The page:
Hey, It’s The Trailer For The Sea of Trees!


If I wanted to play a really mean April Fools Day joke, I would announce that, after getting thoroughly booed at Cannes last year and suffering from some of the worst word-of-mouth in cinematic history, Gus Van Sant’s The Sea Of Trees has finally gotten an American release date.

But I’m not mean and I’m not going to play that joke on you.

Instead, I’m going to tell you that not only is Van Sant’s Sea of Trees never going to be released in the U.S. but that the script is also currently being reshot by Terrence Malick…

April Fools!

Bleh, what a stupid holiday.

Anyway, the truth of the matter is that Sea of Trees still does not have an American release date but it will be released in Europe later this month.  Eventually, if nothing else, Sea of Trees will make it to Netflix and we’ll get to discover what everyone was booing about in Cannes.

Here’s the international trailer!

Wild Pitch: THE PRIDE OF ST. LOUIS (20th Century-Fox 1952)

cracked rear viewer


Jerome Herman “Dizzy” Dean, ace pitcher of the St. Louis Cardinals’ famed “Gashouse Gang” in the 1930’s, gets the Hollywood biopic treatment in this pleasant little film. The malaprop prone Dizzy was one of the game’s greats before an unfortunate injury, leading to him becoming a well-loved broadcaster. The film sticks fairly close to the facts, as Dean was a colorful enough character to need little embellishment.


THE PRIDE OF ST. LOUIS follows Dean’s career as he’s discovered pitching in his Arkansas hometown, through the minors, and finally to big league success with the Cardinals. Along the way he woos and wins the love of his life, Patricia. Soon his brother Paul joins the team, and the pair become as well-known for their off-field antics as for their pitching prowess.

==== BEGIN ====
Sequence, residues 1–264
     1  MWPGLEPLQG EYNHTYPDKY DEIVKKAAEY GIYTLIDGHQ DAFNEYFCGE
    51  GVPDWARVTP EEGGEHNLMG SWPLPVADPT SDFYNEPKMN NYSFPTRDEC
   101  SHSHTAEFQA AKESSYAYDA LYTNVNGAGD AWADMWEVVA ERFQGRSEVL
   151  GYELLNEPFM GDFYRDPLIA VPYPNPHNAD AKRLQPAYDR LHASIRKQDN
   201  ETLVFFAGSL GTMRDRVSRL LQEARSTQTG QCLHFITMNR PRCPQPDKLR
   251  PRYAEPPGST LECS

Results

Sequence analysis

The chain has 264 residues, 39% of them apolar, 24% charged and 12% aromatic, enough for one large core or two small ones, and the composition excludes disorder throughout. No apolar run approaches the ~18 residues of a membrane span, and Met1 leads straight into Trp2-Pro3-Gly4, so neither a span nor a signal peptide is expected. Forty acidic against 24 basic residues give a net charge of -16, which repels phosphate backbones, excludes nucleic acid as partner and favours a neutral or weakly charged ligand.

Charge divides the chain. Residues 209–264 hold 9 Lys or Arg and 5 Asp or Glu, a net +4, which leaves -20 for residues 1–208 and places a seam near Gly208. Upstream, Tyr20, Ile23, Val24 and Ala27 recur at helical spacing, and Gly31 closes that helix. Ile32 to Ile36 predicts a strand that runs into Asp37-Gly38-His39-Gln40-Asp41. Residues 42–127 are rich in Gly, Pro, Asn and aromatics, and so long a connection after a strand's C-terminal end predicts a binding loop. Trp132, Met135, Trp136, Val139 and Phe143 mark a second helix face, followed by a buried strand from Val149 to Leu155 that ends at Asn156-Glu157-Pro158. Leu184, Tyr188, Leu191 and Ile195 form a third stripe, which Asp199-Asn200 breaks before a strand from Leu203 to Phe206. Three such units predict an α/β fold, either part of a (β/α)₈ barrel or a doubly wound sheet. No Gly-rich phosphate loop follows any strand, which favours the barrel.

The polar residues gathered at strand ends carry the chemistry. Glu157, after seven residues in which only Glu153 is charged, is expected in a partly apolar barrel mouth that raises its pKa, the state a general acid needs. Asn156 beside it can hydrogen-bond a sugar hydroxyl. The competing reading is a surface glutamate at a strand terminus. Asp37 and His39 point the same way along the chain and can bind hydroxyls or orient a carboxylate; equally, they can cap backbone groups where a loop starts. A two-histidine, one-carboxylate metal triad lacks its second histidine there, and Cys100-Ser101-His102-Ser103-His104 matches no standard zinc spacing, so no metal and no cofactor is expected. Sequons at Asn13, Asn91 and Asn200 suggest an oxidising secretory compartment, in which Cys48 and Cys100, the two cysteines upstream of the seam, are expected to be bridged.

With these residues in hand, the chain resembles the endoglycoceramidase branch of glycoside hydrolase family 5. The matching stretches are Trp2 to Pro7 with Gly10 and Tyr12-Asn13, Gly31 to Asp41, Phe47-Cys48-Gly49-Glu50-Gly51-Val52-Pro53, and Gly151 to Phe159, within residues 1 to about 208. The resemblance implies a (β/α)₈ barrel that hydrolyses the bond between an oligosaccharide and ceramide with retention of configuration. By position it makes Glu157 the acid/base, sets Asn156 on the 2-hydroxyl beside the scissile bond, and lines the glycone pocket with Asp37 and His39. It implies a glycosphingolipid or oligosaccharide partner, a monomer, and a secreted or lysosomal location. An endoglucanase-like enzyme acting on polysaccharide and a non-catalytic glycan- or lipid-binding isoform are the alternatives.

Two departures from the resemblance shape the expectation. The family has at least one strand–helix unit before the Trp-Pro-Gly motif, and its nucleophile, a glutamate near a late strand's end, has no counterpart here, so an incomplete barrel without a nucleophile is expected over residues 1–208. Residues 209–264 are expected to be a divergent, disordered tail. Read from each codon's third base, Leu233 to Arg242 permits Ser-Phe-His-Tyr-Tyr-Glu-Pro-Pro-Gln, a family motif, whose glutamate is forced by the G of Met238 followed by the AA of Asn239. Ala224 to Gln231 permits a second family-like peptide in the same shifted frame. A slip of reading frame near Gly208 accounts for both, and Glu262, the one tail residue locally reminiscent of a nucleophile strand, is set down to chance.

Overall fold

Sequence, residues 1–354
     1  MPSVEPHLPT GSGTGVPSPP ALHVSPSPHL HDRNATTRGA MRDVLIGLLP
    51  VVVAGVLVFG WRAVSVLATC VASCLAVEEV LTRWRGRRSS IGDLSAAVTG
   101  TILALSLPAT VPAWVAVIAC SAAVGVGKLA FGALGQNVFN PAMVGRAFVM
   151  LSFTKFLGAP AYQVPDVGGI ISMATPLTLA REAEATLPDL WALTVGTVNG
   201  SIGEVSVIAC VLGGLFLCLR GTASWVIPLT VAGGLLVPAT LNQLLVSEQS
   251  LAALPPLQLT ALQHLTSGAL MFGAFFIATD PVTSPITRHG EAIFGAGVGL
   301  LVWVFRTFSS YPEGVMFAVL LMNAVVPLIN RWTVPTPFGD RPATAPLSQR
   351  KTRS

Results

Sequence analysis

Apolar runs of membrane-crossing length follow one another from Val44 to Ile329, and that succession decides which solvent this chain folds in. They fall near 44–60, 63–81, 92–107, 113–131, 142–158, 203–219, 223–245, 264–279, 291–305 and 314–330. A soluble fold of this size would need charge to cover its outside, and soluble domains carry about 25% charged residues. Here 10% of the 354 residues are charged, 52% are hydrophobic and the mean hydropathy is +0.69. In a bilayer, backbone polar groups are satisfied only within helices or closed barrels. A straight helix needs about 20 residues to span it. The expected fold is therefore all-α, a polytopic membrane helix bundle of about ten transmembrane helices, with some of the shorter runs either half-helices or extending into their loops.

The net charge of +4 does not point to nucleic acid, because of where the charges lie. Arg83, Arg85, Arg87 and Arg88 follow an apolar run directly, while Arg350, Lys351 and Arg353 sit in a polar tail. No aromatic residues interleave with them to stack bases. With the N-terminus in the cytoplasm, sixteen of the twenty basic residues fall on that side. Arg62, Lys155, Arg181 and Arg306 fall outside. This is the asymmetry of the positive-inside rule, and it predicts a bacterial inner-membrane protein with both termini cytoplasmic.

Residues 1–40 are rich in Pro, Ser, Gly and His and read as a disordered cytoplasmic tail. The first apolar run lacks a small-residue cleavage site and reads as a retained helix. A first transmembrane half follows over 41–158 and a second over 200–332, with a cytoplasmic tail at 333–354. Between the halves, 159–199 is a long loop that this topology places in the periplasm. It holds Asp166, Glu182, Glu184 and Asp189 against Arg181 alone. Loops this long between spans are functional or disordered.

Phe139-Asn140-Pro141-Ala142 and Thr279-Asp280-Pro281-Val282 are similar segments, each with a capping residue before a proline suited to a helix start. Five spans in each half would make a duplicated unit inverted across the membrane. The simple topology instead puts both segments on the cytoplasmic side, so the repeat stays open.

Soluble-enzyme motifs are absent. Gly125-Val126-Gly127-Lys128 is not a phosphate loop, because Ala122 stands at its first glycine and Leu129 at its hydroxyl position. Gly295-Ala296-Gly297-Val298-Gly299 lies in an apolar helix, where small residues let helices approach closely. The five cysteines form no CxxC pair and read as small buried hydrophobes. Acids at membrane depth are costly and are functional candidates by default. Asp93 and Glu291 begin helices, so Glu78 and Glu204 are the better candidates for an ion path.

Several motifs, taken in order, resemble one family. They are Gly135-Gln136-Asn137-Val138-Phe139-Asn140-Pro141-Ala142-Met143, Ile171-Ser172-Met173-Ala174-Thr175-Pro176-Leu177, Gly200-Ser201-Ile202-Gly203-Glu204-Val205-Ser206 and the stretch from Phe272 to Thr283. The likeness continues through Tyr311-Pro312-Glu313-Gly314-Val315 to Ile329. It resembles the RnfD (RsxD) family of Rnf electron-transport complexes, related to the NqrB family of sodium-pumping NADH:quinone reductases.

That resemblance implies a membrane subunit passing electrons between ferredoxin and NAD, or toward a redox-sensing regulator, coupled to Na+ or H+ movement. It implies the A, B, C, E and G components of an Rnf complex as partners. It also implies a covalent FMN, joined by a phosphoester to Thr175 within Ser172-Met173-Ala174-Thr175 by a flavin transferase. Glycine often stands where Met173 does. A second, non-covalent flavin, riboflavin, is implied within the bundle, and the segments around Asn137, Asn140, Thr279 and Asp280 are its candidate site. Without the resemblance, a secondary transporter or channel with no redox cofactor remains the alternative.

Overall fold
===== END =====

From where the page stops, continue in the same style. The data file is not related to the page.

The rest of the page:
The movie takes a turn when Dizzy is injured during an All Star Game and tries to come back too soon. His arm is ruined, but Dizzy can’t…

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Will This Flick Be Among “The Chosen” In Your Netflix Queue?

Trash Film Guru


On the list of things that might mark a fledgling low-budget indie horror filmmaker as being the ambitious sort, adding material to no less a societal cornerstone than The Bible itself probably ranks somewhere near the top, but how you get from dysfunctional family drama to that is — well, let’s just say “not an easy path to travel,” shall we? Because it’s not. And to be honest, why somebody would even try it in the first place is well and truly beyond my understanding. But what the heck, I’m not Ben Jehoshua.

Nor do I even know who Ben Jehoshua is, really — all I know about him  is that he directed (and co-wrote, along with one Barry Jay Stich) a movie that I watched on Netflix last night, 2015’s The Chosen. And based on the evidence offered here, I don’t think Mr. Jehoshua needs to worry about…

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